Presentations text content in The Middle East and the World
The Middle East and the World
Setting the Scene: Two Sides of the Conflict
To David Ben-Gurion, Israel’s first prime minister, the birth of modern Israel in 1948 was the fulfillment of God’s promise to the ancient Israelites. He quoted scripture:
“The land whereto we have returned to inherit it, it is the inheritance of our fathers and within it no stranger has part
or parcel…We have taken unto us our father’s inheritance.”- First book of Maccabees
But to the Arabs then living on the land called Palestine, the creation of Israel was an illegal “invasion.” The land, they felt, was rightfully theirs.
“Palestine is the homeland of the Arab Palestinian people. It is an indivisible part of the Arab homeland, and the Palestinian people are an integral part of the Arab nation” – Palestinian National Charter, Article 1Slide3
The Cold War and the Middle East
In their global rivalry, each of the superpowers tried to line up allies in the Middle East. The United States fought communist threats in (1) Turkey and (2)Iran, while the Soviet Union found allies in the four Middle Eastern countries of (3) Egypt, Iraq, Syria and LibyaEach superpower sold arms to its ally in the region. In the Arab-Israeli conflict, the United States helped Israel, while the Soviet Union gave aid to the Arabs.During and after the Cold War, the development of weapons of mass destruction in the Middle East became a global concern.
During the Cold War, both the United States and the Soviet Union sought access to the oil and waterways of the Middle East. Superpower rivalries had a far-reaching impact on the region.
Origin of the Arab-Israeli Conflict
Zionist Movement: Jewish quest to migrate to and govern Palestine Balfour Declaration:British document which stated that Jewish people had a right to a homeland in Palestine1947 UN proposed Partition of Israel and Palestine (Arab state)Rejected by Arabs1948 creation of independent IsraelSlide5
The Arab-Israeli Conflict
In 1967, Israel won the (4)Golan Heights from Syria, East Jerusalem and the West Bank from (5)Jordan, and the (6)Gaza Strip and the Sinai Peninsula from (7)Egypt. In 1973, Arabs attacked Israel but failed to regain these occupied territories. Israel refused to give up these territories until Arab nations recognized (8)Israel’s right to exist.Slide6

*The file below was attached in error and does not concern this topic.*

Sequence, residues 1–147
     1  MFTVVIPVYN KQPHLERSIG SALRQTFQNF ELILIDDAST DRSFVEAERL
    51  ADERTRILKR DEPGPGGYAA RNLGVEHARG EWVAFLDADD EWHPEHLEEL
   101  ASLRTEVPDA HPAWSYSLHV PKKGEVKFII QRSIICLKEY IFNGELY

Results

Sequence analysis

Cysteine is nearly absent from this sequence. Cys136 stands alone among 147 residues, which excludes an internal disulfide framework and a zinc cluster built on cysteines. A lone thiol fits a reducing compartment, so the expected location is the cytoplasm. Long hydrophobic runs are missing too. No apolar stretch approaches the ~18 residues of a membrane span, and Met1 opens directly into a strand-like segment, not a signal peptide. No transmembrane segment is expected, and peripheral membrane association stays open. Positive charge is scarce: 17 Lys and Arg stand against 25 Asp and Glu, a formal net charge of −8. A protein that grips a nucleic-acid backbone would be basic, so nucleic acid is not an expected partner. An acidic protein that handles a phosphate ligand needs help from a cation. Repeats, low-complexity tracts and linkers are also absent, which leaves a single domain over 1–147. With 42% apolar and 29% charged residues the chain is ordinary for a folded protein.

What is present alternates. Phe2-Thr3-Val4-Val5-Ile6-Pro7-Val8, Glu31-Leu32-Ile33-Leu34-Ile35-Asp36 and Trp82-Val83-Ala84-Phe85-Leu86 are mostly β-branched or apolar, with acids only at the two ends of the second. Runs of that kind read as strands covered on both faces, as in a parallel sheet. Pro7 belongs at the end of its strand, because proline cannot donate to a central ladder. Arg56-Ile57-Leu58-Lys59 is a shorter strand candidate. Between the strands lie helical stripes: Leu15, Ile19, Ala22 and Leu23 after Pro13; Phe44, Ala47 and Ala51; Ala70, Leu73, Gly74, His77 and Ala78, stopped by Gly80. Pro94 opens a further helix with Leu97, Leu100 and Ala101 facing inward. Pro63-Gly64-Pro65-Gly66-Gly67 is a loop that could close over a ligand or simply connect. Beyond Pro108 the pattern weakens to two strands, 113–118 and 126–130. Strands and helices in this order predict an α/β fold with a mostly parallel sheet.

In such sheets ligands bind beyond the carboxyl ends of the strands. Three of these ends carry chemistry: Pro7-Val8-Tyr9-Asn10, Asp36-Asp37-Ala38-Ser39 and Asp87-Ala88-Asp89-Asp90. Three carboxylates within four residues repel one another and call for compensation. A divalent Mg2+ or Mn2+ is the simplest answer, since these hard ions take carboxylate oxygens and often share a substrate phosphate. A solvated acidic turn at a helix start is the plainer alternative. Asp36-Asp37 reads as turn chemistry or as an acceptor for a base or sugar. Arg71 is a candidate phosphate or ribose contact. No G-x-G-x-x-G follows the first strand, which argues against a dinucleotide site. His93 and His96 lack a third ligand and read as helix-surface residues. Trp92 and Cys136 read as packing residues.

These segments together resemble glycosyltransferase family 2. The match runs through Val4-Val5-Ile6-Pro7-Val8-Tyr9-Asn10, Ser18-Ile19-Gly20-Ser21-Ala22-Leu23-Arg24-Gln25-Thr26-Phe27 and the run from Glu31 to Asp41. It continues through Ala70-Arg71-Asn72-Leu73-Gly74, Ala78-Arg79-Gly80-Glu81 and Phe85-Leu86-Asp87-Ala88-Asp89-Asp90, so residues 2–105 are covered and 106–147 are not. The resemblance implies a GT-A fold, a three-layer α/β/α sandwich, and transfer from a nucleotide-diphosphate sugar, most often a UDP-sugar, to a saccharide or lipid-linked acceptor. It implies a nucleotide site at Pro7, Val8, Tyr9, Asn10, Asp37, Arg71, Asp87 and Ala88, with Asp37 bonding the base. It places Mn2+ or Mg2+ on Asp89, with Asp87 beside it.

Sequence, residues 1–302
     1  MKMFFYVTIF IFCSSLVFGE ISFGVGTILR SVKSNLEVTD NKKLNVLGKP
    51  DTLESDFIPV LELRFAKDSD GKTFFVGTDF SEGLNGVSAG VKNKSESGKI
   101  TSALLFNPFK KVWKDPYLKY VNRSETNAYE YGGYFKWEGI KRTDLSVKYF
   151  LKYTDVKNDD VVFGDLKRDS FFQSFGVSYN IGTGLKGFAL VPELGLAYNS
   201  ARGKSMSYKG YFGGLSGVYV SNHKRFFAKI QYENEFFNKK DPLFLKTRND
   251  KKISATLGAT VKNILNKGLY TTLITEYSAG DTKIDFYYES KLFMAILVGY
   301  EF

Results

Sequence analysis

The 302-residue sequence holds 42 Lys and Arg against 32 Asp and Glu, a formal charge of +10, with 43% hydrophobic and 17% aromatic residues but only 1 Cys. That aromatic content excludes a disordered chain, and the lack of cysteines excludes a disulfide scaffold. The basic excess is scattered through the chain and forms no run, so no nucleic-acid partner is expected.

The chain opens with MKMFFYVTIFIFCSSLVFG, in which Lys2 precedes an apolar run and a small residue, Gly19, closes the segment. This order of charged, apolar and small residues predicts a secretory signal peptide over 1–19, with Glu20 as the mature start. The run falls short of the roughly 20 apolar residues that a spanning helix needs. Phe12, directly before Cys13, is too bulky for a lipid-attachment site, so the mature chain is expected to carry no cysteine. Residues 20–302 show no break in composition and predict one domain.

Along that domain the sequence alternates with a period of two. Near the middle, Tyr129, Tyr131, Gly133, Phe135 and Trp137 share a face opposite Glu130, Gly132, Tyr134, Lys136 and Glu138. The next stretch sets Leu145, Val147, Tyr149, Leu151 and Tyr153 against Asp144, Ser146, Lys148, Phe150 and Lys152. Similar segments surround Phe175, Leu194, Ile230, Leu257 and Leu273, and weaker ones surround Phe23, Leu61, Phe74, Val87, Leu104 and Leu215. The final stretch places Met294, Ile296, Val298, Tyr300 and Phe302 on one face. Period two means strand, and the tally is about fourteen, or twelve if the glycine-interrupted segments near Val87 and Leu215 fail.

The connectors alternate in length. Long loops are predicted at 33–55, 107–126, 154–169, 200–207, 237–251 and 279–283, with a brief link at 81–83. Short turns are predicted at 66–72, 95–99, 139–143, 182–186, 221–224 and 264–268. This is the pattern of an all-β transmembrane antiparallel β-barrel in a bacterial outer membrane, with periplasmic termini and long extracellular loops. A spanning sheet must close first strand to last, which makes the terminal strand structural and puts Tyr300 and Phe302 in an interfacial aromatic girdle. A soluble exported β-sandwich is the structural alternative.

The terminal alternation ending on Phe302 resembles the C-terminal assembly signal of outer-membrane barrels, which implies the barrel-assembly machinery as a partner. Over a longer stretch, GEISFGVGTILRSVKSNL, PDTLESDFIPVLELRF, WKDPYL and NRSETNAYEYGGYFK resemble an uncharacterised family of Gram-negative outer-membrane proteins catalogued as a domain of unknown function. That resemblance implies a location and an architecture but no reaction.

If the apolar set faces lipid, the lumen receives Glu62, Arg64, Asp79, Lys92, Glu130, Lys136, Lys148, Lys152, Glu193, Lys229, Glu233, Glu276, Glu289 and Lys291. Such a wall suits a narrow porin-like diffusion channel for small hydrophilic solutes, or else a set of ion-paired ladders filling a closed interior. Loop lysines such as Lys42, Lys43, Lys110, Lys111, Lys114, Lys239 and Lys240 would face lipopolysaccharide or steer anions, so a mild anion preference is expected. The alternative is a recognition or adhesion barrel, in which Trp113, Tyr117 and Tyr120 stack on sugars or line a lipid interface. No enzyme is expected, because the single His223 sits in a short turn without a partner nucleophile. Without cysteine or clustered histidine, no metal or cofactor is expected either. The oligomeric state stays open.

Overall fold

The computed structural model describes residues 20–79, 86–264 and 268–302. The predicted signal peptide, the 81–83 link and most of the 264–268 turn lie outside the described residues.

Many Israelis insisted on the survival of Israeli settlements that had been built on these occupied lands.Slide7
Palestine Liberation Organization (PLO)
Arafat waged guerilla war against Israelis both at home and abroad.
Palestinians continue to demand the right to return to lands they fled during the Arab Israeli wars.Slide8
When the Soviet Union collapsed in 1991, the peace process was accelerated because (10) with the end of Soviet aid some other Arab governments accepted the need to negotiate with Israel. In 1993 a historic agreement was signed between (11) Israel and the PLO called the Oslo accord.Slide9
"He kills our children, women, men. He bulldozes our lands. Why doesn't the world condemn it when Palestinian people get killed?" (Palestinian mourner, quoted in The New York Times) "We represent the youth who want war, because, without war, this will never end." (17-year-old Israeli girl, quoted in Financial Times) "A solution will only come through negotiations that lead to the division of this land into two independent states." (Israeli schoolteacher, quoted in Financial Times)